- Eurostat. (2015). Labour force survey statistics—Transitions from work to retirement. Eurostat. http://ec.europa.eu/eurostat/statistics-explained/index.php/Labour_force_survey_statistics_-_transition_from_work_to_retirement/. Accessed 9 December 2015.
- Frétigné, C. (1999). Sociologie de l’exclusion. Paris: L’Harmattan.Google Scholar
- Kankaraš, M., Moors, G. B., & Vermunt, J. K. (2010). Testing for measurement invariance with Latent Class Analysis. In E. Davidov, P. Schmidt, & J. Billiet (Eds.), Cross-cultural analysis. Methods and applications (pp. 359–384). New York/Sussex: Routledge/Taylor & Francis Group.Google Scholar
- Kneale, D. (2012). Is social exclusion still important for older people?. London: The International Longevity Centre.Google Scholar
- Labonté, R. N., Hadi, A., & Kauffmann, X. E. (2011). Indicators of social exclusion and inclusion: A critical and comparative analysis of the literature (Vol. 2, no. 8). Working papers. Ottawa: Globalization and Health Equity Research Unit, Institute of Population Health, University of Ottawa.Google Scholar
- Levitas, R., Pantazis, C., Fahmy, E., Gordon, D., Lloyd, E., & Patsios, D. (2007). The multi-dimensional analysis of social exclusion. Bristol: Department of Sociology and School for Social Policy Townsend Center for the International Study of Poverty and Bristol Institute for Public Affairs University of Bristol.Google Scholar
- Magidson, J., & Vermunt, J. K. (2004). Latent class models. In D. Kaplan (Ed.), The Sage handbook of quantitative methodology for the social sciences (pp. 175–198). Thousand Oaks: Sage.Google Scholar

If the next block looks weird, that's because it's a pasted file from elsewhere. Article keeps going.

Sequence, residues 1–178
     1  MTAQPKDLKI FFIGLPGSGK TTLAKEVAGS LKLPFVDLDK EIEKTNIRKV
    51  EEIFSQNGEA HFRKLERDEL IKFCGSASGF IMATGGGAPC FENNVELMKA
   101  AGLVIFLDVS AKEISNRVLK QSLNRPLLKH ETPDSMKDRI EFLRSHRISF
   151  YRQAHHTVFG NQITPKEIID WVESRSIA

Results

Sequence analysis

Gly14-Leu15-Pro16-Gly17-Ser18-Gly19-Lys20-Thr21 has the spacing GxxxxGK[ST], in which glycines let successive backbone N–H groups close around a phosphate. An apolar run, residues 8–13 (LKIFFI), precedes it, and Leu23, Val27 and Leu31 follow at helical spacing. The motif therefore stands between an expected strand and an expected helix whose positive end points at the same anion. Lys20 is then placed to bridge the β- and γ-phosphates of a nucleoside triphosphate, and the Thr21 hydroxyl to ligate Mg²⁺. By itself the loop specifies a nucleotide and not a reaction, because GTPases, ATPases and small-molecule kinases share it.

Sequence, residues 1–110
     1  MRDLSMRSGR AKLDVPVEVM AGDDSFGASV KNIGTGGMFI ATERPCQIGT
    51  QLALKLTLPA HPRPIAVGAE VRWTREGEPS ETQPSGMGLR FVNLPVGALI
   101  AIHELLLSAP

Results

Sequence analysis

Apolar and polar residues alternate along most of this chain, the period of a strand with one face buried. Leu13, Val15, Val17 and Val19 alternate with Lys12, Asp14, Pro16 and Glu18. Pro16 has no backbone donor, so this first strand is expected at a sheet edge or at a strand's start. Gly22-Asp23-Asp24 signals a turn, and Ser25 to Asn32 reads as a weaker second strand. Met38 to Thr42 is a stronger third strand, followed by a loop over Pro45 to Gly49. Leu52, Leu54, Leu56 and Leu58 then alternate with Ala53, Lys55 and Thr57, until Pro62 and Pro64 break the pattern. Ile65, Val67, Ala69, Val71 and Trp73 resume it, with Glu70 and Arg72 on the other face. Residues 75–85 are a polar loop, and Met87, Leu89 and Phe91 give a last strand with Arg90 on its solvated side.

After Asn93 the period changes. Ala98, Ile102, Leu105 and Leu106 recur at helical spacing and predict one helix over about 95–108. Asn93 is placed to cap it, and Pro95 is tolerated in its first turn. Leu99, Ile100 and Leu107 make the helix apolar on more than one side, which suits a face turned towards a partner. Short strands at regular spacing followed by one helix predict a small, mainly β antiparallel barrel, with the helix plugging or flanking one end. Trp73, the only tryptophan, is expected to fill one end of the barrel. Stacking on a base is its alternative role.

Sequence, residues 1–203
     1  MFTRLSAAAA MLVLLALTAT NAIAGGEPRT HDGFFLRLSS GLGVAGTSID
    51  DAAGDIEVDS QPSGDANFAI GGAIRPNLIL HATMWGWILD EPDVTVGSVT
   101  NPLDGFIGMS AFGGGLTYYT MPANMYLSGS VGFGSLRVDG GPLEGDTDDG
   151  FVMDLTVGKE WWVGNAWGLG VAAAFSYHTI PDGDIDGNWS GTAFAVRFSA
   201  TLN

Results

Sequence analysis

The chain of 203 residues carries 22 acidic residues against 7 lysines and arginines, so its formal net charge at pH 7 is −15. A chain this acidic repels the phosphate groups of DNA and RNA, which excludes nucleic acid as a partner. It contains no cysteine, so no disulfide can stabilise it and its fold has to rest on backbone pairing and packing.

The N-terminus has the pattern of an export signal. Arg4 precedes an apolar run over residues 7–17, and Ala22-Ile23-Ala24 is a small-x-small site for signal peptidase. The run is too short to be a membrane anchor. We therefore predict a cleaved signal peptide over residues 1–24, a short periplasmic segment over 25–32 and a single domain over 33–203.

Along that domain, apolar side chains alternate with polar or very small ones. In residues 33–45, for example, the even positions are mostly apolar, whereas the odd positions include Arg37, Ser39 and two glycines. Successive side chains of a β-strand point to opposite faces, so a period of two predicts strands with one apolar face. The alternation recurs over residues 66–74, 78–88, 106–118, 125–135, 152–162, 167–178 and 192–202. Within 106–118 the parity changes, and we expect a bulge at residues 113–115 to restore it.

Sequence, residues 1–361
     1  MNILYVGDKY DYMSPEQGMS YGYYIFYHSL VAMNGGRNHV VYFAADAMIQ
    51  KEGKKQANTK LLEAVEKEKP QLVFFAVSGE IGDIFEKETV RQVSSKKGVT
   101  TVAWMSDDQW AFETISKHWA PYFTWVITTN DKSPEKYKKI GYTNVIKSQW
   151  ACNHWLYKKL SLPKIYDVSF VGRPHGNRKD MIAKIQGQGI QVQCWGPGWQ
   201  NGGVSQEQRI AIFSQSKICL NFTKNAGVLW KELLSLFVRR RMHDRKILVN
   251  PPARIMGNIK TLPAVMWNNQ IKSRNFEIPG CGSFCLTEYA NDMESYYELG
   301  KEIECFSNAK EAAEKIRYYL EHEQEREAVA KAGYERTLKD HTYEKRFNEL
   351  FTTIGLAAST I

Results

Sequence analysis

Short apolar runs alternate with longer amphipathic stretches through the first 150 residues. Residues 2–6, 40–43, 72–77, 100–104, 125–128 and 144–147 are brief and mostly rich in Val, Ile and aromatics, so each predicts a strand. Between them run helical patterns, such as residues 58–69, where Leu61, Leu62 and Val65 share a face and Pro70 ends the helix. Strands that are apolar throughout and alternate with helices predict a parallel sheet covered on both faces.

- Mezey, G., White, S., Thachil, A., Berg, R., Kallumparam, S., Nasiruddin, O., et al. (2013). Development and preliminary validation of a measure of social inclusion for use in people with mental health problems: The SInQUE. International Journal of Social Psychiatry, 59(5), 501–507.CrossRefGoogle Scholar
- Noppe, J., Vergeynst, T., & Jacques, A. (2016). Vlaamse Armoedemonitor. Brussel: Studiedienst Vlaamse Regering.Google Scholar
- Pannecoucke, I., Lahaye, W., Vranken, J., & Van Rossem, R. (2014). Armoede in België. Jaarboek 2014. Gent: Academia Press.Google Scholar
- Rodríguez-Mañas, L., Féart, C., Mann, G., Viña, J., Chatterji, S., Chodzko-Zajko, W., et al. (2013). Searching for an operational definition of frailty: A delphi method based consensus statement. The frailty operative definition-consensus conference project. The Journals of Gerontology: Series A, 68(1), 62–67.CrossRefGoogle Scholar
- Scharf, T., Phillipson, C., & Smith, A. E. (2005a). Multiple exclusion and quality of life amongst excluded older people in disadvantaged neighbourhoods. London: Office of the Deputy Prime Minister.Google Scholar
- Vermunt, J. K. (1997). LEM 1.0: A general program for the analysis of categorical data. Tilburg: Tilburg University.Google Scholar
- Ward, P., Walsh, K., & Scharf, T. (2014). Measuring old-age social exclusion in a cross-border context. Findings of a comparative secondary analysis in Ireland and Northern Ireland. Galway: Irish Centre for Social Gerontology.Google Scholar
- Whelan, C. T., & Maître, B. (2008). “New” and “old” social risks: Life cycle and social class perspectives on social exclusion in Ireland. Economic and Social Review, 39(2), 131–156.Google Scholar
- Wilks, R., Younger, N., Mullings, J., Zohoori, N., Figueroa, P., Tulloch-Reid, M., et al. (2007). Factors affecting study efficiency and item non-response in health surveys in developing countries: The Jamaica national healthy lifestyle survey. BMC Medical Research Methodology. https://doi.org/10.1186/1471-2288-7-13.CrossRefGoogle Scholar